The Mountains Do Not Care!  So reads the warning as the Tonahutu Trail leaves the subalpine and winds its way toward the alpine tundra. A bit impersonal but we get the message. There are consequences if we underestimate the effect of altitude, distance, darkening skies, thunder, or the possibility of storms and lightning. The mountains do not care if we experience unpleasant consequences, but this doesn’t mean that they are angry with us or that blue skies and clear sailing suggest their favor.

 

Action Without Judgement

Like the mountains, nature makes no judgments. Lightning, floods, and hurricanes make no judgments about good or bad before striking. They are simply natural consequences occasioned by the systems in which they exist.

When the neighborhood cat pounces for the bird at our feeder or a mountain lion leaps toward a young deer, nature is making no judgment about these behaviors. These are simply the natural behaviors of predator and prey.

When pine beetles began attacking our lodge poles back in 2003, we were certain we must act quickly to save our trees from this aggressive predator. But we learned that pine beetles are native to pine forests and were just being pine beetles. Nature was just responding to the conditions of the forest: drought, a monoculture of same aged lodge poles, and lack of fire –conditions which, together, provided the food supply for a growing population of beetles. We learned to be sad for the loss of the trees without judging the actions of the native pine beetles as either bad or good. It was simply a natural consequence.

Within nature, species express preferences for sunlight, water, nutrient, habitat. Some species behave more reflexively and more developed species even make cognitive choices.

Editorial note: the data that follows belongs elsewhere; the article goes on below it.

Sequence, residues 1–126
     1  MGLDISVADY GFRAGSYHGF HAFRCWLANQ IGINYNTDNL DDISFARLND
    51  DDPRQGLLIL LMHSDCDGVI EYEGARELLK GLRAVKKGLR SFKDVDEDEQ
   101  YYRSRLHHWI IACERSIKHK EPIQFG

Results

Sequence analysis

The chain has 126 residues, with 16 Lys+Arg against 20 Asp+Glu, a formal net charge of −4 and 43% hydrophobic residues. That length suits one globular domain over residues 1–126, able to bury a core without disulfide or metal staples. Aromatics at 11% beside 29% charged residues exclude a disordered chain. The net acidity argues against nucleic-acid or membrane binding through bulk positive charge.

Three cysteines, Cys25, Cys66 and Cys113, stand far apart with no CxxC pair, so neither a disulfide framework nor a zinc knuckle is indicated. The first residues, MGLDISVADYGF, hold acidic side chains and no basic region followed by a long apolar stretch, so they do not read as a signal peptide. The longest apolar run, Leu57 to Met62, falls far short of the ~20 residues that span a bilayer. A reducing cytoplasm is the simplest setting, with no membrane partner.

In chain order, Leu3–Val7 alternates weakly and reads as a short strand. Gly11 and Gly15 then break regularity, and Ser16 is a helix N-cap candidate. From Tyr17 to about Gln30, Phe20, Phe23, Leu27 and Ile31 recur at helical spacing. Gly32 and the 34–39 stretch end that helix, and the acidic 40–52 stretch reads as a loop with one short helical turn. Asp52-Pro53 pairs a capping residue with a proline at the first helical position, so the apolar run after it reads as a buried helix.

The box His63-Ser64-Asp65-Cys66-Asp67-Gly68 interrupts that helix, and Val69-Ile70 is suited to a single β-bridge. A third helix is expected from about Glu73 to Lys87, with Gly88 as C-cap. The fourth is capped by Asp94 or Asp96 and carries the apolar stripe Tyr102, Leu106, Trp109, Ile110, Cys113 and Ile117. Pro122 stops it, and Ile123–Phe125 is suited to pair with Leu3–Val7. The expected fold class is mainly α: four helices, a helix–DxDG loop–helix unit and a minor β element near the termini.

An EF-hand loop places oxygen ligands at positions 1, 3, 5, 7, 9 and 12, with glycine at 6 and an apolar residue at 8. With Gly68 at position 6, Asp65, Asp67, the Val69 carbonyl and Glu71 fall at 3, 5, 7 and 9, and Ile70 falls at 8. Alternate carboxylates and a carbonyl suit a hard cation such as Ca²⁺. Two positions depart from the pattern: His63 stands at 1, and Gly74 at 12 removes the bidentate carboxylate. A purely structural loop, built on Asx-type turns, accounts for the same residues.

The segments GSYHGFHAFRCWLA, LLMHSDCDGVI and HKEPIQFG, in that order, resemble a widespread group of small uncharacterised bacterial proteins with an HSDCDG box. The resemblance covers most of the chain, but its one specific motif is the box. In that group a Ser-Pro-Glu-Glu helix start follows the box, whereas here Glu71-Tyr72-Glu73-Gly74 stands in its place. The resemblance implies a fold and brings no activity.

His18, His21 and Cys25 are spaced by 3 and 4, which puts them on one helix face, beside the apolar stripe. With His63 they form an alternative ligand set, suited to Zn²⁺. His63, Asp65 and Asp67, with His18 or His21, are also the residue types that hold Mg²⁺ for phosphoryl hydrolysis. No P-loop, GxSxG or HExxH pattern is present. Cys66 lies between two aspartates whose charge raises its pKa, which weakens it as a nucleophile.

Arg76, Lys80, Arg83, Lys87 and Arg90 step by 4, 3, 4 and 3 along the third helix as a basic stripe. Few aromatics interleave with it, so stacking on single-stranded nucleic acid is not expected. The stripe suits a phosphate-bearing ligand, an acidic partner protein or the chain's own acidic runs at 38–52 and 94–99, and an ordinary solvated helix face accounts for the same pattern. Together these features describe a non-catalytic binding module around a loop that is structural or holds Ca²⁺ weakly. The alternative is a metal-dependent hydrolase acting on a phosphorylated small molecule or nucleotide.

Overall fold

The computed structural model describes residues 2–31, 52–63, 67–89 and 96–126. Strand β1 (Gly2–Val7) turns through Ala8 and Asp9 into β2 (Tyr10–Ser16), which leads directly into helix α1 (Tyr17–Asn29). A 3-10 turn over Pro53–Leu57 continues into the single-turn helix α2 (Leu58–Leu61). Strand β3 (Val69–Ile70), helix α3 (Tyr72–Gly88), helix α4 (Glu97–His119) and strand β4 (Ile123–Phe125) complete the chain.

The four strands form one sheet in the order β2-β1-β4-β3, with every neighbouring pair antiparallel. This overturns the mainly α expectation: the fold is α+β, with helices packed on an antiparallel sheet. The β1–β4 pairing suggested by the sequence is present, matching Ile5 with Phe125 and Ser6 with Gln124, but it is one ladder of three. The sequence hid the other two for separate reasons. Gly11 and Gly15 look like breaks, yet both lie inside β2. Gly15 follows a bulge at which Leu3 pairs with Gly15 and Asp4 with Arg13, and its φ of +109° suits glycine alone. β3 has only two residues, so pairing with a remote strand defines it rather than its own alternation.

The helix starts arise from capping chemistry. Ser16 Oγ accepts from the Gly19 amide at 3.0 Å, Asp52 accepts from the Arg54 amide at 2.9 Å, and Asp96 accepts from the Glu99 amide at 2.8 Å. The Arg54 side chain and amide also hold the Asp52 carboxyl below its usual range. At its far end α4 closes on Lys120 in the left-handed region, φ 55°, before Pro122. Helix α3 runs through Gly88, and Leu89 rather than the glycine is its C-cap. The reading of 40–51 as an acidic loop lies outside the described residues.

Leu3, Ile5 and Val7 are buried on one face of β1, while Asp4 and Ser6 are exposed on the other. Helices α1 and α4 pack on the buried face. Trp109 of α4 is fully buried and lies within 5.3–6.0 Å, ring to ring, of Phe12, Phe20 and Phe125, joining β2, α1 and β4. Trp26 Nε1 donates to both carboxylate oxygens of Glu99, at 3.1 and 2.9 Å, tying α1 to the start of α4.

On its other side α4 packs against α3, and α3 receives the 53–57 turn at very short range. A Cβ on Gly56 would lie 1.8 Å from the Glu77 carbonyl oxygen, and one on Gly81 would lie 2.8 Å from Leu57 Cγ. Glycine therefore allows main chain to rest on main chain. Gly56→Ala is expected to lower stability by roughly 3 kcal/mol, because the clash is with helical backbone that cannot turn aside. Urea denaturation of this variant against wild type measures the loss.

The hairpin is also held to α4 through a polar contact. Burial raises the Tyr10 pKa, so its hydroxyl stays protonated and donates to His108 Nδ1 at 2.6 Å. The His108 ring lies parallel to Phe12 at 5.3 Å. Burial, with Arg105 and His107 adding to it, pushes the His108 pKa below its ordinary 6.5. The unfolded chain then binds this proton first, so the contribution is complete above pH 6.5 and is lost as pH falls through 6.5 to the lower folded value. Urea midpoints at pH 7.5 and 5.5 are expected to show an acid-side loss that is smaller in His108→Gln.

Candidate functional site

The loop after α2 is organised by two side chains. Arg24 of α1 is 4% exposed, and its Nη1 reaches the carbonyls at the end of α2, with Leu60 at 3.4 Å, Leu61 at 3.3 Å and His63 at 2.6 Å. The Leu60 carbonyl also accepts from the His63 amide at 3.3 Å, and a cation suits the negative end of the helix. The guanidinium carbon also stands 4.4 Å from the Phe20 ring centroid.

What Does it Mean for Us?

As often as I have shared my thoughts about nature’s laws or operating principles, I have never quite found a way to share how this one might work for people: nature makes no judgments. At some level we recognize the differences in opinions, preferences, choices and “judgments,” although we often use the words interchangeably. When pushed for distinction, we tend to reserve “judgment” to mean something that is good or bad, or perhaps right or wrong. In human societies we have created human-made laws intended to reflect what our society regards as right or wrong. As our populations increase, certain basic laws seem necessary to our species’ survival while others simply express our cultural preferences. There is a distinction. Judgment about right and wrong is far different than our expressions of cultural preferences.

We humans tend to express our preferred beliefs by creating religions, political parties, clubs, sports teams, and a myriad of institutions, each of which tend to push us into right and wrong judgments about our own behavior and that of others. All too easily, we then separate ourselves from others based on the beliefs of one or more of our chosen group’s values about “right and wrong”.

Nature’s laws teach us about consequences, but place no value such as right or wrong on those consequences. They simply “are.” I believe as cognitive creatures of nature, we naturally express our preferences, but perhaps nature’s guidance is to at least recognize the difference between personal or group preferences and judgments which proclaim the absolute “rightness” of one individual or group’s preferences over another. Ultimately, of course, nature is not bound by our human laws or preferences and it is the interconnectedness of all creatures and natural systems that determine the consequences to all life on this planet.

Robert J. Mann, tireless advocate and board member of Shadowcliff